[We have been filing great articles we found online throughout 2011, and are sharing our impressions of some of the best of them as we start 2012. Here is another installment.]
The best intentioned new leader can “lose his way” as the comforts of power and prestige create a mindset of elevated personal talent and knowledge. We work hard in all of our leadership training to break this mindset, as an elevated sense of self-worth is usually counterproductive in building a highly productive relationships with co-workers.
We found support for our position in an opinion piece posted by Harvard Business School Professor Bill George. In it, George notes that as people settle into leadership roles, their behavior gets more outwardly confident, which can lead leaders to overwhelm their subordinates and wall themselves off from reality (or “the truth” as we often call it here at Bovo-Tighe.)
The leadership trap
What we like about George’s thinking is that he emphasizes that this behavior on the part of the leader is not a conscious act: It results simply through the power of the leaders’ own confidence and how they present themselves in public. Strength of conviction and personality are key drivers of how executives rise through the ranks (results aside) so you cannot disconnect that energy and commitment from how a manager chooses to lead. However, that person must learn to step outside their own head regularly to assess how their behavior affects the productivity of his or her team, and how much it may inhibit what we call Foundations of Excellence (that is: Unshakable Trust, the Pursuit of Truth and Communication that Counts.)
“Leaders who lose their way are not necessarily bad people,” writes George. “Rather, they lose their moral bearings, often yielding to seductions in their paths. Very few people go into leadership roles to cheat or do evil, yet we all have the capacity for actions we deeply regret unless we stay grounded.”
While most people value fair compensation for their accomplishments, few leaders start out seeking only money, power, and prestige. Along the way, the rewards—bonus checks, newspaper articles, perks, and stock appreciation—fuel increasing desires for more.
This, concludes George, creates a deep desire to keep it going, sometimes even to the point of breaching the ethical standards that previously governed their conduct.
George found a good quote from Novartis chairman Daniel Vasella (told Fortune magazine):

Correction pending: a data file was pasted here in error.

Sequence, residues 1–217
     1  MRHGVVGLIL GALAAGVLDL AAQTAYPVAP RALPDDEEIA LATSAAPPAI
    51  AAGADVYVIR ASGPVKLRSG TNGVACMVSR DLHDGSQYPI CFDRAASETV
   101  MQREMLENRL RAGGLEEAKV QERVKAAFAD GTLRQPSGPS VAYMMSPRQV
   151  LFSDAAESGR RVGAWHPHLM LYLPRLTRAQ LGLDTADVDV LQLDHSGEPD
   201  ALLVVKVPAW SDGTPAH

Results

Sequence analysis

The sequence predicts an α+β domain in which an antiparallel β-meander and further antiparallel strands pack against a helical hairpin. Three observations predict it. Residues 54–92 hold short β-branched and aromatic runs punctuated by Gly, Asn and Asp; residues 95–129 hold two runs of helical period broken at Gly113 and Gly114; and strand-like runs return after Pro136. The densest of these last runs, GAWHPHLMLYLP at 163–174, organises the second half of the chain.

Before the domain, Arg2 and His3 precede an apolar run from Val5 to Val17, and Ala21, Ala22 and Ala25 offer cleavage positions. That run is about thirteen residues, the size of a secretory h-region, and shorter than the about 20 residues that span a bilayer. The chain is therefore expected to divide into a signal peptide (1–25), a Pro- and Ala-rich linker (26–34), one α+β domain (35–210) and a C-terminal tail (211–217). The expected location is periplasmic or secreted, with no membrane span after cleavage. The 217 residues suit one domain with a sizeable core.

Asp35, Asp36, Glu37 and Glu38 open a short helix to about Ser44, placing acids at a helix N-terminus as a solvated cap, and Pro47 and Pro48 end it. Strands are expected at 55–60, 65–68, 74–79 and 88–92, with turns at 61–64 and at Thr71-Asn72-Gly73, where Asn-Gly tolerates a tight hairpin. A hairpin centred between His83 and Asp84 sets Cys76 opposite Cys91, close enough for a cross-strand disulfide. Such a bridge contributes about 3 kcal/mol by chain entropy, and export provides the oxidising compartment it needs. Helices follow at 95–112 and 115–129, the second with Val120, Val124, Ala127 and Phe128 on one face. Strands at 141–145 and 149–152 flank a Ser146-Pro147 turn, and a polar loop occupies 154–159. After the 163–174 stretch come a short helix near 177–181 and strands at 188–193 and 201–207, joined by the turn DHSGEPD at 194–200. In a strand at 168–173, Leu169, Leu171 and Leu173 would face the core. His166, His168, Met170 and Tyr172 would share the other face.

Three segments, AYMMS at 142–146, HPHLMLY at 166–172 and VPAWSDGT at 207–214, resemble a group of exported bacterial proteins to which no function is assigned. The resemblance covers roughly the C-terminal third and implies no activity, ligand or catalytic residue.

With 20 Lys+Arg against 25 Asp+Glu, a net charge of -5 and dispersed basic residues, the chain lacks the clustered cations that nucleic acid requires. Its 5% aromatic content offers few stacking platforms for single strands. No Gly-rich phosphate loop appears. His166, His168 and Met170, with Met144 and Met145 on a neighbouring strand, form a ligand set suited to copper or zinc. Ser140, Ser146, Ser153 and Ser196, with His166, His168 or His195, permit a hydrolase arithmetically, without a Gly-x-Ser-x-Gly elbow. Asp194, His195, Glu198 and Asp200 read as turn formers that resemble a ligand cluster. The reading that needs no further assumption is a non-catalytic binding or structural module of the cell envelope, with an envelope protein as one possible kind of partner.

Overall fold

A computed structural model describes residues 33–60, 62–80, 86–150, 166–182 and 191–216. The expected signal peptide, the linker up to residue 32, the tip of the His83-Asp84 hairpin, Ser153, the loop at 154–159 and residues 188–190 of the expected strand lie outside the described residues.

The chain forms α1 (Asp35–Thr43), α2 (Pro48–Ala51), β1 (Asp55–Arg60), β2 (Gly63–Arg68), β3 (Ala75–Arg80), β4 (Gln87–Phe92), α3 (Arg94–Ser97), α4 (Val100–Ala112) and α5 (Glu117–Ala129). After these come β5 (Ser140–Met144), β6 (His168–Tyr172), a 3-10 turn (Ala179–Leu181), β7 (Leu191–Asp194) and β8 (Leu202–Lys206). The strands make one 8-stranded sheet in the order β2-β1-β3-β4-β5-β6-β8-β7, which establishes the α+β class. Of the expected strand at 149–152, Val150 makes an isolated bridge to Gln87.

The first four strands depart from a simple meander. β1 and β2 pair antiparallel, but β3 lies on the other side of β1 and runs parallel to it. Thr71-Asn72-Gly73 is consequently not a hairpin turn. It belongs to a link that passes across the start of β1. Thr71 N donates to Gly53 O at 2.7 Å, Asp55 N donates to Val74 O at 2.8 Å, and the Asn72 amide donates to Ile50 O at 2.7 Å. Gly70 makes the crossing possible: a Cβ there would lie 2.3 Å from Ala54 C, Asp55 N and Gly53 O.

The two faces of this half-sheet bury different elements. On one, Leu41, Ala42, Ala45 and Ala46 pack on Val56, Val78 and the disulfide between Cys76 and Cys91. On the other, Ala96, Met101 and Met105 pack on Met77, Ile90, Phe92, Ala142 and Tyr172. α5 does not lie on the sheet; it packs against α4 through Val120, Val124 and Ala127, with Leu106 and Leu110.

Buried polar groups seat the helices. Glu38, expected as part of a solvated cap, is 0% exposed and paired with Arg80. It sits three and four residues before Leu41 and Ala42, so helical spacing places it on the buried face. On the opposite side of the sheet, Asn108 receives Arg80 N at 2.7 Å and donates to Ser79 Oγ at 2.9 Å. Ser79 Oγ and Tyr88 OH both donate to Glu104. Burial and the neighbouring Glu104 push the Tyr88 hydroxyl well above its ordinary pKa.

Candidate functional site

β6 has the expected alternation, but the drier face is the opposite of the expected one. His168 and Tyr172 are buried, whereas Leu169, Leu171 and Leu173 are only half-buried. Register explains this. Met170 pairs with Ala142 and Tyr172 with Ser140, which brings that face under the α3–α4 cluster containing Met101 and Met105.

“…for many of us the idea of being a successful manager—leading the company from peak to peak, delivering the goods quarter by quarter—is an intoxicating one. It is a pattern of celebration leading to belief, leading to distortion. When you achieve good results… you are typically celebrated, and you begin to believe that the figure at the center of all that champagne-toasting is yourself.”
The key point that George makes that we liked: “When leaders focus on external gratification instead of inner satisfaction, they lose their grounding (which leads them to) reject the honest critic who speaks truth to power.”
Self-reflection: A path to more effective leadership
George notes that an executive that is able to keep the right perspective of his or her role within the organization will generate more productive work from those with whom the executive works. We agree. Keeping leaders grounded is a core principle of Bovo-Tighe, and that includes making them more aware of how their outward behavior affects . It keeps their focus outward, on the collective goals and accomplishments of the organizations. It leads to the sharing of credit and rewards, and keeps an attitude of “first among equals.” Great leaders understand that everyone on their team is both responsible for actions and results, and should participate in the rewards.
Executives cannot best accomplish this self-reflection alone, however. That is where great coaching and mentoring play a strong role, and where HR plays an active role in the process.
In every organization there must be a hierarchy in a decision-making process, but the people within that hierarchy must all maintain a mindset that they are not infalliable, that everyone can contribute meaningfully to making progress, and that titles by themselves do not confer extra talent or ability on anyone.
Professor George has a lot more to say about the psychology of leaders who had to fight and scrap to get to the top, and he gets a bit hyperbolic in his descriptions, but overall gave us a good reminder about how leaders must work hard to stay grounded and (relatively) humble in how they handle their responsibilities if they want to receive the maximum contribution from those with whom they work.